4.05.2014

Climate Changers 4

Too often we underestimate the power of a touch, a smile, a kind word, a listening ear, an honest compliment, or the smallest act of caring, all of which have the potential to turn a life around.
 ~Leo Buscaglia

I was in the seventh grade when my parents were introduced and subsequently introduced me to the works of Leo Buscaglia. And I couldn't get enough. Oh, he was so energizing because his passion was so extreme. He loved large and he wasn't afraid to let the world know. 
Love. 
Sometimes that's all a child needs. 
And the more they're loved, the more capacity they have to love. I'm sure of it, and today's Climate Changer is my proof.


Her name is Allison. I first met Allie when she was a toddler, two or three years old, and we hired her mom to come work at our school. At first, I wasn't sure we'd be friends because I remember it taking her some time to warm up to me, to trust. 
But once we connected, we connected big!

My daughter would babysit for her on occasion, always at our place, then my sons once Kaitlyn got too busy. And even though we were the ones who were providing the babysitting service, the more time we spent with this little angel, the more time we wanted with her. Because we knew that there was something really special about this curious, caring, courageous and cute little friend. There wasn't anything she wouldn't try ... except for swimming. The first two summers we had our pool, there was no way she was going in that water ... not at all at first ... then not without her mom ... then for sure not without her floaties. And nothing we would say or do was going to change her mind. Believe me, Joshua tried. He just knew that there was a swimmer inside this timid angelfish and he invested a lot of time and energy proving himself right. We gave it our best shot, but she clung to the side and watched as two summers went by.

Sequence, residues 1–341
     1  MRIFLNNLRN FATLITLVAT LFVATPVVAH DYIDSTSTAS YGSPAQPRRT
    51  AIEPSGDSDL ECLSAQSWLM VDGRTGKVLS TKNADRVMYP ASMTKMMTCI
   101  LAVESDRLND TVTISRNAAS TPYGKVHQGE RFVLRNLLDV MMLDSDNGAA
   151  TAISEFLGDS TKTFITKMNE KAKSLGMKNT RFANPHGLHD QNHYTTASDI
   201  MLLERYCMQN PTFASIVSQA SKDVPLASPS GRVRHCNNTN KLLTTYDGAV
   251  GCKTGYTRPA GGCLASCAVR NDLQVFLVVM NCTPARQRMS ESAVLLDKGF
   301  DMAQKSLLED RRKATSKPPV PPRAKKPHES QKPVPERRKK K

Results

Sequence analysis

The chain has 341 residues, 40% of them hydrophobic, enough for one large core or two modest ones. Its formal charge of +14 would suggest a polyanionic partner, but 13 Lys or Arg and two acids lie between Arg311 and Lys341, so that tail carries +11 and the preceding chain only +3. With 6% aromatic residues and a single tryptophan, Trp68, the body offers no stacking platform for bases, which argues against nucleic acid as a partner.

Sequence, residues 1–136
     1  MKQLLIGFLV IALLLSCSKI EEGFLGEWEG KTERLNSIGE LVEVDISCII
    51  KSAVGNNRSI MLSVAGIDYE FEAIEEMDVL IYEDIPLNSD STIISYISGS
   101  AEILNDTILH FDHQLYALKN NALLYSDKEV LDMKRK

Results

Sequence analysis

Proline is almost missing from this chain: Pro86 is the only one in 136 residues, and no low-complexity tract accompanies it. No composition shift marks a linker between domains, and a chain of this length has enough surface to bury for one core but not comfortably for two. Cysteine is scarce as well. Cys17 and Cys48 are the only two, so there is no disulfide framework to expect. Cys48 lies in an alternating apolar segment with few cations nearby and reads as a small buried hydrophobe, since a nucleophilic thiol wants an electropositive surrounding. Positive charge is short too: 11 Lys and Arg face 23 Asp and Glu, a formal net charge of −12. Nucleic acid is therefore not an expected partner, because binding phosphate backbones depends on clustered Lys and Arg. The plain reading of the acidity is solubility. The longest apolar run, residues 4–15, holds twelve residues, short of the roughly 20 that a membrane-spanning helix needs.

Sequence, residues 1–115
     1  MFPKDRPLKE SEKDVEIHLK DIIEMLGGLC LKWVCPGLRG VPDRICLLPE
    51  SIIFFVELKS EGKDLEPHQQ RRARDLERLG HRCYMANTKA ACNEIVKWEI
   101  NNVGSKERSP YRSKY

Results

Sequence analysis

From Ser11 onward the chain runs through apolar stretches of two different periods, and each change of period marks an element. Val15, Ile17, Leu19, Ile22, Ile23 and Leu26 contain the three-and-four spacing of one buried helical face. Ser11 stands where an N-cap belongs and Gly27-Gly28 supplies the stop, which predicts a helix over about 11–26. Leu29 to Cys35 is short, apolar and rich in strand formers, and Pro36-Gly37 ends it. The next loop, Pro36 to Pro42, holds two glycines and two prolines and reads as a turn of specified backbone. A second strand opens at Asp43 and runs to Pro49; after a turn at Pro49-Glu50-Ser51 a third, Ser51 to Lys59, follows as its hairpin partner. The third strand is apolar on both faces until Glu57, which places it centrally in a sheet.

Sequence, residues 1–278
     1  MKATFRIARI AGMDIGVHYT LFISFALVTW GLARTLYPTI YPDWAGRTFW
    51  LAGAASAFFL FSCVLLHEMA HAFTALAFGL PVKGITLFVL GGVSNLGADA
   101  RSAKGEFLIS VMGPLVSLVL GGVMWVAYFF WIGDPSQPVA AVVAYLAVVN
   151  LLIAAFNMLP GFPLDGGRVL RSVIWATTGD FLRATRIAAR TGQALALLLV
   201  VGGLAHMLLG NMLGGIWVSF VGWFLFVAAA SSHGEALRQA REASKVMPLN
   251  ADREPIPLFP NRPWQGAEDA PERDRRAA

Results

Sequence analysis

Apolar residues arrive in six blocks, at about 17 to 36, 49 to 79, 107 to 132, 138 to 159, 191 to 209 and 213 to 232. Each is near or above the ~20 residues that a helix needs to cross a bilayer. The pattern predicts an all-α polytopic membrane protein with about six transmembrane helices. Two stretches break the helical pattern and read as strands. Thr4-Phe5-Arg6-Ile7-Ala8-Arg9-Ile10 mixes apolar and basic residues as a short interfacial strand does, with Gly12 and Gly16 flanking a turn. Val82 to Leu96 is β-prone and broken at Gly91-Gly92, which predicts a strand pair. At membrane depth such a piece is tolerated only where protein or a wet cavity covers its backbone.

The third summer all of that had changed. She came back a new girl. She'd grown up and she was ready to take on the world ... and our pool. In fact, she was so independent, like a butterfly who'd spread her wings and was flying solo. I'll never forget Joshua's forlorn look and tone when he exclaimed: 
I kind of want the old Alison back!  


And though I miss those days when little Allie Cat would come to play, I am happy to report that our beautiful butterfly is soaring. Earlier this week, my character cam caught her accompanying her friend Cole to class. The other things I observed as I watched her were that she was greeting our special-needs bus riders as they arrived, that she gave two raffle tickets to a friend who she was sure wouldn't get any, and that she was getting a breakfast tray for a child in her mom's class who needed assistance, all of which she was doing because she saw a need and wanted to help. Independently.
On her own.
Paying it forward.

Rooms get brighter when Alison arrives. She's joyful, optimistic, loving and kind. And she's an equal-opportunity friend to everyone who's lucky enough to cross her path. Because, like a young Mother Teresa, 
this Climate Changer cares deeply and loves unconditionally.

I vividly remember a girl named Alice from when I first started teaching at Friendswood High School, before I even had children. She impressed me so much that I phoned her mom to say that I hope that one day I'll have a daughter who's just like Alice. Now I'm hopeful that one day I'll have a granddaughter just like Allison.

Thank you, Allie, for being a Climate Changer
at our school and in my corner of the world. 






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